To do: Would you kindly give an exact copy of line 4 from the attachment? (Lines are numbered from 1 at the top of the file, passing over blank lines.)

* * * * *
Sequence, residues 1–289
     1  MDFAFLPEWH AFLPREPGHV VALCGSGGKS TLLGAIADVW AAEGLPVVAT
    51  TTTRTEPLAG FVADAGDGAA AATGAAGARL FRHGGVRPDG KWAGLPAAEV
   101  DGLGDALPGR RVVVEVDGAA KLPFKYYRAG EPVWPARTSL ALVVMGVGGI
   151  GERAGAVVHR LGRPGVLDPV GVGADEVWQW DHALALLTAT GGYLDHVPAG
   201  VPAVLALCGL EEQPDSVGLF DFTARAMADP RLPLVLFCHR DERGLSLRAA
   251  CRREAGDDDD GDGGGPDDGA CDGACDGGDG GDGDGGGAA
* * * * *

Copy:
   101  DGLGDALPGR RVVVEVDGAA KLPFKYYRAG EPVWPARTSL ALVVMGVGGI